My event calendar is updated through December so you can see where I’ll be if you want to make a show. Happy Holidays and be safe this season!

Busy busy busy!

I realized this morning as I awoke in Ottawa, CA, about to play a show with the wonderful Detroit Diva of the Blues Thornetta Davis, that it’s been quite some time since I’ve updated this site. I need to get my show dates on the calendar, put up some new content, and all that good stuff. That’s the bad news. The good news is that the lack of attention is due to being extremely busy!

In late February, organissimo released it’s sixth album, B3tles – A Soulful Tribute to the Fab Four, which did quite well on jazz radio, making it up to #6 on the JazzWeek charts. Sales have been good and reviews very positive. We’re also working on a live album to be released hopefully this fall. More on that later.

B3tles-1400-by-1400The follow-up to THEO – The Game of Ouroboros, tentatively titled Portents & Providence is coming along nicely. All the drums are recorded, most of the vocals are done, and I’m just waiting on guitar and bass tracks to be finished up. Then it’s on to mixing. I want to mix it in 5.1 surround, like it’s predecessor. So much fun!

Still working on the session from last summer with Larry Barris and the one and only Harvey Mason on drums. It’s coming! And I’m really excited!

I’ve been gigging pretty heavily with various Michigan acts including organissimo of course but also Laura Rain & The Caesars, who also just released a new album, which I also play on.

And I’ve been doing a fair amount of mixing and recording, including a project I’m very proud of for a local Lansing jazz stalwart and WWII veteran, 92 year old George Howard. We tracked this record the old-school way: Everyone in the same room, no editing, no messing around, just playing and having fun. And it came out great!

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So things have been busy. And busy is good! But look for some new content soon, including a review of the AcousticSamples B5 organ plug-in and the Lounsberry Tall & Fat pedal.

Happy summer!

Mini Vent II – Demo part 2

Yesterday I posted a video demo of the Mini Vent II using the venerable Hammond XK3 as the sound source. Today I connected the Mini Vent II to my 1954 Hammond C2.

The output of the Hammond C2 was connected to a small Yamaha mixer via a custom made direct box that converts the raw output from the C2’s preamp to a mic level signal. This mixer then fed the mono input of the Mini Vent II. The stereo output of the Mini Vent II was then fed into my DAW (Cubase 9) via a Yamaha N12 digital mixer. I added a bit of room reverb from the Valhalla Room Reverb just so the Mini Vent II didn’t sound so dry. A real Leslie in a room, after all, would have some ambiance in the sound.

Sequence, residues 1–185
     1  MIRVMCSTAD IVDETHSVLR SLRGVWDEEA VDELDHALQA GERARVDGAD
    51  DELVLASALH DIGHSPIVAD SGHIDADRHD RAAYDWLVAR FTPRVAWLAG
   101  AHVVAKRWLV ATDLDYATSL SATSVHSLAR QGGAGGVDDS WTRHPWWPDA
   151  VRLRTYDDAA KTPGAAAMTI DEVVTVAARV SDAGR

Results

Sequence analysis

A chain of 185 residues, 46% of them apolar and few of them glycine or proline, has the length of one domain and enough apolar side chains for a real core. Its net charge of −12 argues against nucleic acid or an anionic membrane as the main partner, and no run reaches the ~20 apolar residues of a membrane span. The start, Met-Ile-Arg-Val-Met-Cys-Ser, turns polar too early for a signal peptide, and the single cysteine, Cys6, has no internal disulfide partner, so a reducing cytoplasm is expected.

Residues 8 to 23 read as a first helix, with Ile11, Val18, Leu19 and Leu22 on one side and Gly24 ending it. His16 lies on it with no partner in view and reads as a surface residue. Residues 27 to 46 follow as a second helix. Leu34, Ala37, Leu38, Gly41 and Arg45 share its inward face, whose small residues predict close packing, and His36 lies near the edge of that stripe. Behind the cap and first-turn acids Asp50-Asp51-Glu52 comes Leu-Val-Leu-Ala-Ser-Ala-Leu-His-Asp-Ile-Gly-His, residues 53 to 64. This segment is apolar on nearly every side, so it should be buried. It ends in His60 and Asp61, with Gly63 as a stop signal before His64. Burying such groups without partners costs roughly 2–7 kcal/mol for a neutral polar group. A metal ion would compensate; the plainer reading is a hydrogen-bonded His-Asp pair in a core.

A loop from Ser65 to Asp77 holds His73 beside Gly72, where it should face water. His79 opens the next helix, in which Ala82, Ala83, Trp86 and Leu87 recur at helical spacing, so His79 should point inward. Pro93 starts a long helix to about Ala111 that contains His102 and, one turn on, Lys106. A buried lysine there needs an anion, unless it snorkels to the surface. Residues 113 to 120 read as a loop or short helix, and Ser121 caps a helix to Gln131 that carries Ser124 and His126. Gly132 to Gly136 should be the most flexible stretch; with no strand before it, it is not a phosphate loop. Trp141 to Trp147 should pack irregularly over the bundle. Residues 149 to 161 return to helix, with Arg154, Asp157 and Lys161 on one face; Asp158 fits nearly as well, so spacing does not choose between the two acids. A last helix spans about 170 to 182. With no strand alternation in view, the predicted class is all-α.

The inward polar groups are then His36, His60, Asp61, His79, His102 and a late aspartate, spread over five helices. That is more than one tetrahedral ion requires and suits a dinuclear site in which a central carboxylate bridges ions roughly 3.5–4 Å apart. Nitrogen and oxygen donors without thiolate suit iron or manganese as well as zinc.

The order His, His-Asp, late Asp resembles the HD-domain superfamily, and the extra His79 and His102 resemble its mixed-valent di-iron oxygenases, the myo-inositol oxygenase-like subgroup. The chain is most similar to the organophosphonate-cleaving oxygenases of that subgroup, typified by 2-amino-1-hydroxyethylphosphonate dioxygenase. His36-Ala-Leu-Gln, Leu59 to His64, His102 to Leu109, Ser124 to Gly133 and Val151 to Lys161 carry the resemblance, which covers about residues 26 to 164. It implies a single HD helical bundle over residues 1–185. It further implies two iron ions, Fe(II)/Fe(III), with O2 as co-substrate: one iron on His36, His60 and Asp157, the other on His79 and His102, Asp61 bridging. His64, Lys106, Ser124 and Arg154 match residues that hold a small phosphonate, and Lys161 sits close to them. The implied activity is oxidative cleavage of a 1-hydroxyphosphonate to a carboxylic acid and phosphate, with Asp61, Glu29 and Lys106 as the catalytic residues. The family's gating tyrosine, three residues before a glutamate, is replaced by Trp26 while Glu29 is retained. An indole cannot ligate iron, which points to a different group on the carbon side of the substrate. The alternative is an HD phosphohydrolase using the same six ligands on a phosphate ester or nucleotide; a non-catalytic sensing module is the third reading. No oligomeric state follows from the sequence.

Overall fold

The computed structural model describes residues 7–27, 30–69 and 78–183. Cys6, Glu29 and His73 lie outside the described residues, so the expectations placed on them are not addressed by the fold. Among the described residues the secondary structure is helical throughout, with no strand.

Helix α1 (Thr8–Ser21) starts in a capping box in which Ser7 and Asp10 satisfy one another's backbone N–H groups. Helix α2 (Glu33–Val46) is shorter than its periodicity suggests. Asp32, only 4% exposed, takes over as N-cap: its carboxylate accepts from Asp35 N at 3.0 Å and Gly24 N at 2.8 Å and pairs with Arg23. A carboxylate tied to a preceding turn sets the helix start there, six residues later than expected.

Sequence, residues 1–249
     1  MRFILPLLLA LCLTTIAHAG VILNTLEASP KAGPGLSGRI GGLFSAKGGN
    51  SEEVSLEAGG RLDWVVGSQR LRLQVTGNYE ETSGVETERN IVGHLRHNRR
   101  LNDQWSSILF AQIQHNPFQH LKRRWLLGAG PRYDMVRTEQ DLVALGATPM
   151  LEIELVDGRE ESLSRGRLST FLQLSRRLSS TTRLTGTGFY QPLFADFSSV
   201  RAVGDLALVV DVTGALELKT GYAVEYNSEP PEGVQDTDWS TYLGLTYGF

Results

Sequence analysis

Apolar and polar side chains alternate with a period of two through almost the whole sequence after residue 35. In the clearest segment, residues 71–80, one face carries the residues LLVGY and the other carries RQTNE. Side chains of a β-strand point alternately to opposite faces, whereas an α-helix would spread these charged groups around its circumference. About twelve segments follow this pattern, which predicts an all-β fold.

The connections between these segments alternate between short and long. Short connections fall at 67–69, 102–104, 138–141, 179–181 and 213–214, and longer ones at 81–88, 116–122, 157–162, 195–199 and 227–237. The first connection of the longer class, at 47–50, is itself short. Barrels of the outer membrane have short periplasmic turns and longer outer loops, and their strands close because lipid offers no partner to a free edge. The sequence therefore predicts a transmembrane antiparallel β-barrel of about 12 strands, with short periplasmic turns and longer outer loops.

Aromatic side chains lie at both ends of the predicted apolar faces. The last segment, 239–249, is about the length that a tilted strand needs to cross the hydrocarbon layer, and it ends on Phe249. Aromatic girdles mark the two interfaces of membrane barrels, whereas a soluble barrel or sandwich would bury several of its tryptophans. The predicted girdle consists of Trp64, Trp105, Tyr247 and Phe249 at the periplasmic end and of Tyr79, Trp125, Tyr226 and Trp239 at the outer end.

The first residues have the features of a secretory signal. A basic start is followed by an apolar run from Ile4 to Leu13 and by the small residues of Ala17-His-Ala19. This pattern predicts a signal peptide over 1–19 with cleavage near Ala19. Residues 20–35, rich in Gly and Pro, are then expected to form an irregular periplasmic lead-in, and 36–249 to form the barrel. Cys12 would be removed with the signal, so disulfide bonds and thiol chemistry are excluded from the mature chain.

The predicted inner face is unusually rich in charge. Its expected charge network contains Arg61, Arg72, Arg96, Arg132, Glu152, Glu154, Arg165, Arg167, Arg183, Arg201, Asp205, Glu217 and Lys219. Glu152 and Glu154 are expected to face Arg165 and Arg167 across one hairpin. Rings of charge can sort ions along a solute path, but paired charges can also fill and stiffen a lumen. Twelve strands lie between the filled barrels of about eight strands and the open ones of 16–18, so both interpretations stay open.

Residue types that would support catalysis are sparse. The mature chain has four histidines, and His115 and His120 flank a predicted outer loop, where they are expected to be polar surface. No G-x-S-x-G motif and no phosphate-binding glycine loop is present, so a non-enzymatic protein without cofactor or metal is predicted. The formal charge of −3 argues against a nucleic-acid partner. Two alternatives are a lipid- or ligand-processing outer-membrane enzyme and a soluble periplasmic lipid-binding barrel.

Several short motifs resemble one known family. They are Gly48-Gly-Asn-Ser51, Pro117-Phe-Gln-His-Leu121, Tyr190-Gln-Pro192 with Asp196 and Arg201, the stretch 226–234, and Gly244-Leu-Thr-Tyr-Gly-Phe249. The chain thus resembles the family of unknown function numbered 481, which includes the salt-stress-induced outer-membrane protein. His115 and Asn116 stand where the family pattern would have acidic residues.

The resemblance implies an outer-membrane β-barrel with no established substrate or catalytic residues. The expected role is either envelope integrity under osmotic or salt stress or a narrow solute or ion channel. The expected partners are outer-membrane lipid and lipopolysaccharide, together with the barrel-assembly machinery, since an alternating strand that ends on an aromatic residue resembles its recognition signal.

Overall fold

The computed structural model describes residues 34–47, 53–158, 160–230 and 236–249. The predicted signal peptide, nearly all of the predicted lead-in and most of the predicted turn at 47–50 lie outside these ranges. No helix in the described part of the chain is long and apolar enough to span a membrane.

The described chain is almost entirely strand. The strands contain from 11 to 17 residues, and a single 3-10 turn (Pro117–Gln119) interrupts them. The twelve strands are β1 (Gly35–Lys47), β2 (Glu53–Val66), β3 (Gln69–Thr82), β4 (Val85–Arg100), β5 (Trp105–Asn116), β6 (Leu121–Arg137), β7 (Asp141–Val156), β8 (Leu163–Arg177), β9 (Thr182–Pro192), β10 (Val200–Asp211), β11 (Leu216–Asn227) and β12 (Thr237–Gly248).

Enjoy!

Mini Vent II – Demo and Review

Neo Instruments has updated the original Mini Vent for Organ and Mini Vent for Guitar with a single new pedal called the Mini Vent II. It features an expanded parameter set and improved preset functions.

Check out my demo and overview of the features in the video below.

You can download the mini Vent II MANUAL which describes how to edit the parameters. One of my favorite new parameters is the ability to change the function of the physical footswitches on the unit. For example, the default from the factory is that the left footswitch is BYPASS, the right footswitch changes between SLOW and FAST and pressing both gives you the STOP or Leslie brake. But you can change those functions so that the left footswitch controls STOP, which is awesome for jazz organists like myself.

Much more in the video including sound demos. I’ll produce more demos in the coming days including the Mini Vent II on a Hammond console organ.

New CD and Lounsberry endorsement

I’m excited to announce that the new album from my jazz trio organissimo entitled “B3tles – A Soulful Tribute to the Fab Four” is now available for pre-order via PledgeMusic. This is our homage to one of the greatest bands ever, The Beatles, and the timeless tunes they wrote. I hope that you’ll consider helping us bring this project to fruition by participating in our PledgeMusic campign. You can do so by clicking here.

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(I think that button is big enough.) Just $10 will get you the AccessPass which includes a download of the album in mp3 or uncompressed FLAC format and exclusive access to updates, bonus material, etc. We also have physical CDs, live bonus material, t-shirts, lessons, hangs, an exclusive invite-only release party, and more.